Kelly Potz: Class of 2020
Adults in the US seldom know how to navigate the US healthcare system. Kelly Potz, a student at the University of Minnesota College of Pharmacy, is determined to change the health plan literacy gap in the US.
Potz and her colleague Lindsey Samera established a sustainable program of community outreach related to health insurance literacy based out of the University of Minnesota’s AMCP student chapter. When they began their quest, it was just themselves working on it; now, it is much bigger. They have now trained more than 80 student pharmacists.
“It's just been so great to watch the program grow from a team of two, to a full committee, to a program that now spans multiple organizations, has developed numerous educational materials, trained over 80 students, hosted multiple educational events in the community, and presented at a national conference,” Potz said.
Potz began doing this work because she saw how a lack of health plan literacy harmed patients. She said health insurance can be complicated, but that it doesn’t have to be. Potz believes that pharmacists have an important role to play in preventing health insurance from being too complicated for patients.
“Pharmacists can fill an unmet need in the community by closing the literacy gap for health plan selection and navigation through education and support,” Potz said. “Health literacy outreach can improve patient engagement, medication adherence, and increase utilization of preventative care, which in turn improves patient outcomes and results in cost savings for the health system. Training pharmacists to take on this work makes a lot of sense and can make a lasting positive impact on patients and our health care system.”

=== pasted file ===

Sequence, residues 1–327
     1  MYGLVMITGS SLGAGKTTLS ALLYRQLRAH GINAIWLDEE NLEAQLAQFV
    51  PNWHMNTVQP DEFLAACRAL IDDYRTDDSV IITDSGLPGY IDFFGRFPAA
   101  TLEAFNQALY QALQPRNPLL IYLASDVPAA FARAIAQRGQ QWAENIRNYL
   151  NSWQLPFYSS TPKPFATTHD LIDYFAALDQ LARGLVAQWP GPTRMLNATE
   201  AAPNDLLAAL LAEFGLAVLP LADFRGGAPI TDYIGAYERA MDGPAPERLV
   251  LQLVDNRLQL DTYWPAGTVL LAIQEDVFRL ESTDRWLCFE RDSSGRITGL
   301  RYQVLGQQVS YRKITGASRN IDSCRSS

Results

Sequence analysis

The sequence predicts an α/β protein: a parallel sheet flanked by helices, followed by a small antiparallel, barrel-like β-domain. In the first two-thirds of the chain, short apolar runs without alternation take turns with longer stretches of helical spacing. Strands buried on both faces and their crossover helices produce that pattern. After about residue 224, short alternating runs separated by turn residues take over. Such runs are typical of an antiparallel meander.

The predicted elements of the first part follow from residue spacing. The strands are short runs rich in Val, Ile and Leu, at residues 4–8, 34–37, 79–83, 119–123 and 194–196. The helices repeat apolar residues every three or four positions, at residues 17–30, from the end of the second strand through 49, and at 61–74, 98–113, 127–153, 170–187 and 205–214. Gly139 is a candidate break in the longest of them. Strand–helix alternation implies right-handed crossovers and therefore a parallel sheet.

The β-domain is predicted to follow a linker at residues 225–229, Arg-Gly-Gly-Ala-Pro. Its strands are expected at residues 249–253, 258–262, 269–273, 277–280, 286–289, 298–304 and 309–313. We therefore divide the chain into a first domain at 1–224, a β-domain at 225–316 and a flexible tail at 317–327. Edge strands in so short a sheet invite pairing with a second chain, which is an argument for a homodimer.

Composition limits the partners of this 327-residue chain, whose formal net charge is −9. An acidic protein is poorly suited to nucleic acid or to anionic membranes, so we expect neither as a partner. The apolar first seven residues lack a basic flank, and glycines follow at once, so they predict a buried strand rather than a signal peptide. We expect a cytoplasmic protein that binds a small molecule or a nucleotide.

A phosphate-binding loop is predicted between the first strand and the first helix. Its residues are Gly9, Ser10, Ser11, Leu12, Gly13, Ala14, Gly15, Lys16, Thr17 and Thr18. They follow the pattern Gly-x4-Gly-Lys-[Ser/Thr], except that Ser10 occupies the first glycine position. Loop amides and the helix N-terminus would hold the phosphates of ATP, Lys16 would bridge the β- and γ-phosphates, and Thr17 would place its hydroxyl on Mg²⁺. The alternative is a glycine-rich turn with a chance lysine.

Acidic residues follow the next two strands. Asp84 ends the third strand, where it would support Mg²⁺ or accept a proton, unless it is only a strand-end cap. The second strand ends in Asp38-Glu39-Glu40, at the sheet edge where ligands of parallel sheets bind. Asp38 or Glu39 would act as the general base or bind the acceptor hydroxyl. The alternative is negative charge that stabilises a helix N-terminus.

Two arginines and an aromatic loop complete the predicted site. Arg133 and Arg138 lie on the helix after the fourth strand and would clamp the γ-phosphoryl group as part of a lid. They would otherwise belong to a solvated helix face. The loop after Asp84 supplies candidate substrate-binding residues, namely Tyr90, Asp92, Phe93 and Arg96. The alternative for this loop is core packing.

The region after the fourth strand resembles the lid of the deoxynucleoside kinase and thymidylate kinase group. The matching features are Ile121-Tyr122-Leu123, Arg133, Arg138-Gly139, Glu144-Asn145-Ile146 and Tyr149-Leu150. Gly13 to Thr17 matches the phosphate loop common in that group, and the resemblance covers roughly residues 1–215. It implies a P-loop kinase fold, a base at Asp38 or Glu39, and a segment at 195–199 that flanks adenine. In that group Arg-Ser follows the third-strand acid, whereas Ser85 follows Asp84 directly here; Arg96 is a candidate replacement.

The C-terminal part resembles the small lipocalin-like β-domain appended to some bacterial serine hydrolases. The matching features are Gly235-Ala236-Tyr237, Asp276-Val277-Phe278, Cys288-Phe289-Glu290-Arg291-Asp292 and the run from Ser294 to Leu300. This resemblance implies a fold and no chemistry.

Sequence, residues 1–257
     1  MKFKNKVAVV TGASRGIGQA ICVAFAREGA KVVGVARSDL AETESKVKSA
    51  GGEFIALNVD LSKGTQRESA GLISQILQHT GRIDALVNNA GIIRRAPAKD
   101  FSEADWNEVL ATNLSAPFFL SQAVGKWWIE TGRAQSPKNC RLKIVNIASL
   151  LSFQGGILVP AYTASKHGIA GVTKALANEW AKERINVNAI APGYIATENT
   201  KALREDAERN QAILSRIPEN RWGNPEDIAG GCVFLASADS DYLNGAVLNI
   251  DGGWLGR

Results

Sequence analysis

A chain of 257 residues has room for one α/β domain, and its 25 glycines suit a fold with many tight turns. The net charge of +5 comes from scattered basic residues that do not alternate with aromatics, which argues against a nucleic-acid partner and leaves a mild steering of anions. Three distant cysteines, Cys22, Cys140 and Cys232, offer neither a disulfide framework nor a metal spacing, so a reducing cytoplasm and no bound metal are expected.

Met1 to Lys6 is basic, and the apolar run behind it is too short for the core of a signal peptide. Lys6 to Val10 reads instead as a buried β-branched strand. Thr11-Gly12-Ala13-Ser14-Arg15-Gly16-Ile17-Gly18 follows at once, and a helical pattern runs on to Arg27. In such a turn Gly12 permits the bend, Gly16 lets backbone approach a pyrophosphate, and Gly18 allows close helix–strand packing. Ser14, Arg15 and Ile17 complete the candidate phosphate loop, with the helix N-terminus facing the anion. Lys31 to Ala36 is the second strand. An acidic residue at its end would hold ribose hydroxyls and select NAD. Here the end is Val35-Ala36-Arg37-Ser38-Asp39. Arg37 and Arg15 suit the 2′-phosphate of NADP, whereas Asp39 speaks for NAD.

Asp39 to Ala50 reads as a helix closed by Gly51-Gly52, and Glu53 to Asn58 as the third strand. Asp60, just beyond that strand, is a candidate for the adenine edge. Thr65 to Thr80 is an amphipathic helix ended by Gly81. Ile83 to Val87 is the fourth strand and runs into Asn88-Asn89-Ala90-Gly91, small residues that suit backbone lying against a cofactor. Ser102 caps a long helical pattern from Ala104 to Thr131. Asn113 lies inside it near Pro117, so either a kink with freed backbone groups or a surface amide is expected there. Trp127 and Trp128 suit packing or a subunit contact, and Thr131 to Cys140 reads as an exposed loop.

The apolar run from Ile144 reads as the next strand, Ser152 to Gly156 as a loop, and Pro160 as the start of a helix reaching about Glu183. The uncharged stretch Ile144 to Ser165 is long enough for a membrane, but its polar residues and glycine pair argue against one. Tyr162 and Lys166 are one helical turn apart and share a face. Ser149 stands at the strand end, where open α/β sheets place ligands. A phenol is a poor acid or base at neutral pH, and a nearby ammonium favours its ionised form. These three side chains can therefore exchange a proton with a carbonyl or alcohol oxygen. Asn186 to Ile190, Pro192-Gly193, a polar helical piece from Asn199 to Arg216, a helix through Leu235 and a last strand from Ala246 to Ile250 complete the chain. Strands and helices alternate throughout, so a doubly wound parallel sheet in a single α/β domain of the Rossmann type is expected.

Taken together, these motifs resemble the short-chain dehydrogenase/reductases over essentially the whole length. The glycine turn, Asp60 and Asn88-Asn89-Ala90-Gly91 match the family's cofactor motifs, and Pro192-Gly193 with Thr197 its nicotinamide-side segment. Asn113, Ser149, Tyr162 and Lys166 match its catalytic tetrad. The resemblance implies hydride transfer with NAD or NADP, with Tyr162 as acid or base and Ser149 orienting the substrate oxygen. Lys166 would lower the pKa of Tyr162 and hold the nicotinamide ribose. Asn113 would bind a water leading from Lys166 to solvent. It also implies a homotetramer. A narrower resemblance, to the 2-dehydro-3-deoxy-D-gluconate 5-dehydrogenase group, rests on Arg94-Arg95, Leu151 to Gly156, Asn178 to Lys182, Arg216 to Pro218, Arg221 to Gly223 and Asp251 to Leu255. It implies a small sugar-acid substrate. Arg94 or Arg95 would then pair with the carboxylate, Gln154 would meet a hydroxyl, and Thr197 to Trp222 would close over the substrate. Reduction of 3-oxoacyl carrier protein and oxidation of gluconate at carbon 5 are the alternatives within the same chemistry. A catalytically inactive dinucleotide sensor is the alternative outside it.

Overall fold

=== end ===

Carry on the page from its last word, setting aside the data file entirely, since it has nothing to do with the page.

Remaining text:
Through her work, Potz has grown both personally and professionally. She has learned how to better understand others and her teaching skills have improved as well. Her ability to guide patients to resources available to them, such as patient advocates and publicly posted health benefit information, has been enhanced as well.
Potz and Samera have plans to continue to expand their work in the future. Plans include forming corporate and government partnerships, increase web presence, and develop methods to track the program's impact on patient satisfaction and health.
Potz won’t be managing the program this year, but she is excited to stay on as an advisor and mentor to the program as she moves forward in her career.
“I am very excited to see the initiative continue to grow and evolve in the years to come,” Potz said. “It's worthwhile work. Our patients need it and the healthcare system needs it. And we can do something about it, so we will.”
Story by Owen Mageau